Chapter 13. Conclusions
13.8 Questions for Longer Term Followup
The Family Options Study is continuing to follow families through 36 months after study enrollment. This additional wave of data collection will provide information on a num-ber of important questions.
The 36-month analysis will address whether the types of outcomes that are improved by random assignment to SUB are dependent on contemporaneous receipt of the housing assistance. Could effects fade if assistance ends? During the followup period, 84 percent of SUB families had used SUB.
At the end of this period SUB use had fallen to 75 percent, although 77 percent received some form of permanent subsidy at that point. The 36-month analysis will examine whether families retain different forms of permanent hous-ing assistance and their benefits durhous-ing a longer interval.
It is also possible that the reduced stress and greater stability observed for SUB families at 20 months will yield additional benefits for adult and child-well-being during the longer term that are not yet evident. Reductions in work effort in the short term could persist or—as observed in the Effects of Housing Vouchers on Welfare Families study (Mills et al., 2006)—may fade during the longer term.
The 36-month analysis will also examine whether the focus of PBTH on addressing psychosocial challenges and enhancing skills leads to benefits during the longer term that are not evident after 20 months. The challenges to adult well-being relative to CBRR may be temporary, reflecting anxiety on the part of PBTH families that benefits are coming to an end (or have recently ended). When all families have left the PBTH programs to which they were given priority access, they may return to emergency shelter or experience other forms of housing instability.
As of 20 months after random assignment of families who had been in emergency shelter for at least a week, the two major advantages of CBRR over other interventions are greater work effort relative to SUB and, considering the cost of all program use during the followup period, lower cost relative to PBTH, UC, and SUB. Work effort could lead families to better economic outcomes in the future with radiating benefits for other outcomes. In any case, if CBRR continues to have similar outcomes to UC in most domains, but at lower cost, that finding will be important.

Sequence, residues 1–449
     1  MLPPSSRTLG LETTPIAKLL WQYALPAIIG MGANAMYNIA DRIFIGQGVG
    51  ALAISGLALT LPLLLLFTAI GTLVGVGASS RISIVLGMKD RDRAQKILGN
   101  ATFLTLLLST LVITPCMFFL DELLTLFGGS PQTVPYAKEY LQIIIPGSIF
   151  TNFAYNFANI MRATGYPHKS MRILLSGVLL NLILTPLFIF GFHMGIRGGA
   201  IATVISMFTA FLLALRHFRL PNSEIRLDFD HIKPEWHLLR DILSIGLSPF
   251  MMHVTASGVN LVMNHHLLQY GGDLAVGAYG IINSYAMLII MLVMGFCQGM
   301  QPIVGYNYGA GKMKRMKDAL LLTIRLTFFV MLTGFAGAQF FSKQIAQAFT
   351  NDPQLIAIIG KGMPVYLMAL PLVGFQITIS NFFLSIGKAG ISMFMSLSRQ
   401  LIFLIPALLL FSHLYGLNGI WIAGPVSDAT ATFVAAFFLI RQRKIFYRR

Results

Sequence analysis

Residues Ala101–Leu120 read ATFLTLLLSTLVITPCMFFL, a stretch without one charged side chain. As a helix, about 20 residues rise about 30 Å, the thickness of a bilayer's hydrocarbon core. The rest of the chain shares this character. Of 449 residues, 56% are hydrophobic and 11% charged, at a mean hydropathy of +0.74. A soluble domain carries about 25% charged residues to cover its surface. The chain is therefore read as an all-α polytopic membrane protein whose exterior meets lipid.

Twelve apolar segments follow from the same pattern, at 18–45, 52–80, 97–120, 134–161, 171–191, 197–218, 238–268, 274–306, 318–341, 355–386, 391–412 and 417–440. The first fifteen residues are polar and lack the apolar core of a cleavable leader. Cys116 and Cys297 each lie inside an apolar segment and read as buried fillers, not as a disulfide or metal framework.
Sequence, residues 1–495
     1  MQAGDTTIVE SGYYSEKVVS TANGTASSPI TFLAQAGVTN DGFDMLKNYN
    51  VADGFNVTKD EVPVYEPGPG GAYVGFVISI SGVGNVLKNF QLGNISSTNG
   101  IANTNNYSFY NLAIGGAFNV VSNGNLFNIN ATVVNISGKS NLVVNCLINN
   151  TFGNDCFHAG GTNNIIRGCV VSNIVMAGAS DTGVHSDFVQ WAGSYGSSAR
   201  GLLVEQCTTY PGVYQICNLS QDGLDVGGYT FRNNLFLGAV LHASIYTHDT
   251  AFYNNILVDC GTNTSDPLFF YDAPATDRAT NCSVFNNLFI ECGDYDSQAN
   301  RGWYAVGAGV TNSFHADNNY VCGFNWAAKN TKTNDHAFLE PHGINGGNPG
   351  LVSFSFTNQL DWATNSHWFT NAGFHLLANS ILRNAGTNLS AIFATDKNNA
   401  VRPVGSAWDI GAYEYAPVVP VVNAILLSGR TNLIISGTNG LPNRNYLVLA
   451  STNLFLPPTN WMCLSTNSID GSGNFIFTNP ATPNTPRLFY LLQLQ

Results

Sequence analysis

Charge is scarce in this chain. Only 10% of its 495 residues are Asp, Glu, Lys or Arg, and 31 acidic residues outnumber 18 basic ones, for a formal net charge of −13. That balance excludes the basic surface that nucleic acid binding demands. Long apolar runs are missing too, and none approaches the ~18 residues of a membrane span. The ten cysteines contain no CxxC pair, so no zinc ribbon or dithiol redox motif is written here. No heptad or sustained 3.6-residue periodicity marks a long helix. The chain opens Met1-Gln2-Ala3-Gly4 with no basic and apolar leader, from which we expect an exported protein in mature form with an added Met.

The relative costs of homeless assistance in the different interventions are likely to change over time. Participation in SUB often lasts beyond the period for which the study team
measured impacts and costs in this report. The continuing costs of SUB programs may or may not be offset by cost sav ings through reductions in use of shelter and other pro-grams. These future costs will be addressed in the 36-month analysis in conjunction with impacts measured during the longer term.
The Family Options Study’s random assignment design for measuring intervention impacts is a stronger design than that of other studies of interventions for homeless families.
As a result, the Family Options Study provides important new information about what happens to families who expe-rience homelessness in the absence of any special offers of assistance and about the impact of priority access to three particular interventions, SUB, PBTH, and CBRR. The expe-rimental design of the study and the contrasts in program use during the followup period provide a solid foundation for estimating the impacts of enhancing access to different kinds of assistance. The study provides the first clear evidence about these effects and thus can serve as a solid basis for future policy decisionmaking.
Approximately 20 months after entry into shelter and random assignment, families assigned to SUB appear to be doing better than the families assigned to CBRR, PBTH, and UC.
The benefits of priority access to SUB have been achieved at cost comparable with that of UC, slightly higher costs than CBRR, and at substantially lower cost than PBTH. Compared with those assigned to UC, the families randomly assigned to SUB on average have had fewer negative experiences (stays in shelters or places not meant for human habitation, doubling up, child separations, and intimate partner violence).
SUB families are also somewhat more likely to live in their own place. Moreover, children in SUB families move among schools less, and families experience greater food security and less economic stress. On the negative side, heads of these families exert less work effort. Families given priority access to CBRR do about as well as families assigned to UC but have substantially lower cost, mainly because CBRR low-ers the rate at which families use costly transitional housing programs. PBTH is more costly and at this point has few advantages over other programs. Furthermore, no evidence indicates that intervention impacts differ according to families’
psychosocial challenges or housing barriers whatever form of active assistance is prioritized. The 36-month followup analysis will examine whether these differences among in -terventions continue to hold and whether new differences emerge after another 16 months elapse.
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